The recent news (ASTRONOMY, digital version) that a college senior, not even a grad student, discovered four new exoplanets should not be surprising. If one has the right equipment and techniques this is not a biggie. Indeed, as an associated article in the print issue of the magazine (July, p. 62) notes:
"With advances in CCD imaging and the development of supporting software, amateurs can now produce exoplanet observations of sufficient quality that professionals can use them to supplement their own studies."
The basic principle at work is elementary to grasp and illustrated by the two graphics shown. In the top image the exoplanet passes in front of its parent star producing a dip in the light curve over a defined interval t2 - t1. Below, we see a specific example in the case of Wasp -12b for January 6, 2016. The light curve dip is readily visible over an interval t2 - t1 = 2h 50 m. approximately. The assorted dots lining the light curve represent different observations.
In the case of variable stars, it isn't even necessary to have elaborate equipment to do a respectable plot of a light curve. You need only good eyes, good star charts (with magnitudes shown) and the ability to compare the (estimated) brightness of the target star with the known magnitudes of those comparison stars in the vicinity.
In effect, one is undertaking basic differential photometry invoking the same basic principle used to make exoplanet observations, and deriving light curves from those. A student in Barbados (below)was among the first to do a variable star light curve on the island nearly forty years ago.
Over a period of two and a half weeks (17 Julian Days) Stephen Hinds patiently compared brightnesses of the target star Zeta Geminorum with nearby comparison stars to arrive at the light curve shown below:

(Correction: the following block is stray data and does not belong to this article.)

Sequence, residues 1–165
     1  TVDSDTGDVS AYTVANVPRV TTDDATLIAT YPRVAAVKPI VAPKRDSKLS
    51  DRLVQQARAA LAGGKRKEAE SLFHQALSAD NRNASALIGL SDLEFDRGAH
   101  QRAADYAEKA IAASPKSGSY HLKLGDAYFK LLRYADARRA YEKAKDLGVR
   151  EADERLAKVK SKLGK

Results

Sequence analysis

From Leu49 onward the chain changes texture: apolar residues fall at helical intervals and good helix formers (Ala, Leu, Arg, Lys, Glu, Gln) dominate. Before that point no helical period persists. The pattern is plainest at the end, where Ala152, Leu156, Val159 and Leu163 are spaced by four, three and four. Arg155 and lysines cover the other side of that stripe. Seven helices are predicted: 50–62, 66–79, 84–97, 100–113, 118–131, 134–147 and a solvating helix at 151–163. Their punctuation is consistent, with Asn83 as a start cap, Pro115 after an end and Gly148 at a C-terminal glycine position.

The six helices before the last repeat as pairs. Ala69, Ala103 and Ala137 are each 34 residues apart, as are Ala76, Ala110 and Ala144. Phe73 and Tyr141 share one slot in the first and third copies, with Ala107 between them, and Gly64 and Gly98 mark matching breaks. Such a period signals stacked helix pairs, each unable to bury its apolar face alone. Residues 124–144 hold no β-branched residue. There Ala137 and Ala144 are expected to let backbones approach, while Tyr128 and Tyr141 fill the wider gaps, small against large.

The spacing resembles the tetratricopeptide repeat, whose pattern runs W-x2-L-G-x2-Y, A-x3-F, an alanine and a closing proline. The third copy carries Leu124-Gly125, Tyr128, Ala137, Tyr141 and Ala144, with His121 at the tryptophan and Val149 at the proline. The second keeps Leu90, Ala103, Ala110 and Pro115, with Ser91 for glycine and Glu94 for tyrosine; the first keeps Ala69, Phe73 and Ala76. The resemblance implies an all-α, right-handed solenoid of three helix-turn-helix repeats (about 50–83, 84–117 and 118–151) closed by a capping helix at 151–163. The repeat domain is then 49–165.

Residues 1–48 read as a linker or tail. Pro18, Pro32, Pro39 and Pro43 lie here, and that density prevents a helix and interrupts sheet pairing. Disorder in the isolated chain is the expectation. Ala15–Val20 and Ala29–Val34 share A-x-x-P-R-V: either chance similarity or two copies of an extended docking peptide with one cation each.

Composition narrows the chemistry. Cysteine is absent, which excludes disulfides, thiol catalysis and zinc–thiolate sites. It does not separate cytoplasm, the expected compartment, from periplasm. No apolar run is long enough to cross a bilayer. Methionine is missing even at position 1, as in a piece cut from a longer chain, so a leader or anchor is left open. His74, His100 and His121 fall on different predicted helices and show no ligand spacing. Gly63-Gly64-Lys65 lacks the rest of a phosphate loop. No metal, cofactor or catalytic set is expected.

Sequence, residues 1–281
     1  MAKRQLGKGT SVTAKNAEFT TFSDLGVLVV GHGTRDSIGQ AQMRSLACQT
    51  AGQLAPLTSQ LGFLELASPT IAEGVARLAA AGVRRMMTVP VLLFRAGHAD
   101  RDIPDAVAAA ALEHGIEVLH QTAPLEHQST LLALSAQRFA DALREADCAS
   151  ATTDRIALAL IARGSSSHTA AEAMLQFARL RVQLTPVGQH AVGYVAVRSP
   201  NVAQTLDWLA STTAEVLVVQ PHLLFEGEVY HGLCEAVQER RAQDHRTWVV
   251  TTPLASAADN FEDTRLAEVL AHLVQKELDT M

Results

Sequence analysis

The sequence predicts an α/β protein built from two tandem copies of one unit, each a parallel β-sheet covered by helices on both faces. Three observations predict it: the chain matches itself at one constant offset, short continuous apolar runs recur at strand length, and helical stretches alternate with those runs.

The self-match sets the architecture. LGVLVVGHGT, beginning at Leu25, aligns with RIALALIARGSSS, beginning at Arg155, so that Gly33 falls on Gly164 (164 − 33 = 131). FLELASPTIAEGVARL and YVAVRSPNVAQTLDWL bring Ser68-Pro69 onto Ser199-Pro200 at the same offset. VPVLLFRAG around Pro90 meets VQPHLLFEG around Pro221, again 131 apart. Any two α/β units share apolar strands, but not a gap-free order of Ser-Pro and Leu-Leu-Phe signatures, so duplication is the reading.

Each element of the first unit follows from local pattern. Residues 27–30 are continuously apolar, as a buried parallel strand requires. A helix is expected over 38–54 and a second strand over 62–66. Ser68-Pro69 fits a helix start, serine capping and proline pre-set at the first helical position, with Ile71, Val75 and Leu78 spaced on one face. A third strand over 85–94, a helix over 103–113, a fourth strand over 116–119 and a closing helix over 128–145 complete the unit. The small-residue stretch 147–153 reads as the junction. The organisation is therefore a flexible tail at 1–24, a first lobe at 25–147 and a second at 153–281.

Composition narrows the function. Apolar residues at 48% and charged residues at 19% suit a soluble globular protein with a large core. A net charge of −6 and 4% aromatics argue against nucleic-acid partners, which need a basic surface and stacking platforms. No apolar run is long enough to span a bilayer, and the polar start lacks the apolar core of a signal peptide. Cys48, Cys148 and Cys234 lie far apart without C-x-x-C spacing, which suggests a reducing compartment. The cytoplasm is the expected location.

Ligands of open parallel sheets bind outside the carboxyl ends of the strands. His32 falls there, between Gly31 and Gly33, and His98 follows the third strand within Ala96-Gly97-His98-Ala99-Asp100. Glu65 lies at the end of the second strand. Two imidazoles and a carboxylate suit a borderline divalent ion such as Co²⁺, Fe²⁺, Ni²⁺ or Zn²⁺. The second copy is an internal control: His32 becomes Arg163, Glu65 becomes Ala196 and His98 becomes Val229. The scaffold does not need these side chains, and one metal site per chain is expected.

Thereby he was able to arrive at the maximum magnitude (+3.7) and the minimum (+4.2) with a period of approximately 10 days. The same sort of technique can be used to estimate exoplanet brightness changes compared to surrounding stars, except that the naked eye will not be enough and one will need at least a good telescope to do the comparisons, using a CCD detector.
But for the average person, just doing a variable star light curve can be interesting enough and provides the opportunity to do real astronomy, such as done by the American Association of Variable Star Observers (AAVSO).
An excellent test subject currently visible is the Algol-type variable Beta Lyrae. The interested observer using differential brightness comparisons ought to be able to generate its light curve, e.g.
Showing a magnitude change from +4.4 to +3.3. over the period indicated (the full orbital period is 12.94 days)
For those with a good Schmidt-Casegrain telescope (e.g. 11" aperture) and a CCD camera it's possible to actually go into exoplanet observations - and post results online as part of the Exoplanet Transit Database, e.g.
Whether you go for the basic project of variable star light curve assembly, or exoplanet transits, one thing in common is the importance of models. In all cases bear in mind the difference between the observed data and what a purported model predicts is the measure of 'goodness of fit'.
For those who'd just like to do a light curve on Beta Lyrae the map below may be useful, showing the position of Vega in relation to the "Northern Cross" (Cygnus):
Section of star chart to locate Beta Lyrae. Print out the map, and using a flashlight- hold it upside down facing north - to locate the Northern Cross first. The very bright star Vega will be to the W-SW of the Cross and the star Deneb.
Beta Lyrae is the star at the lower left corner of the parallelogram for Lyra.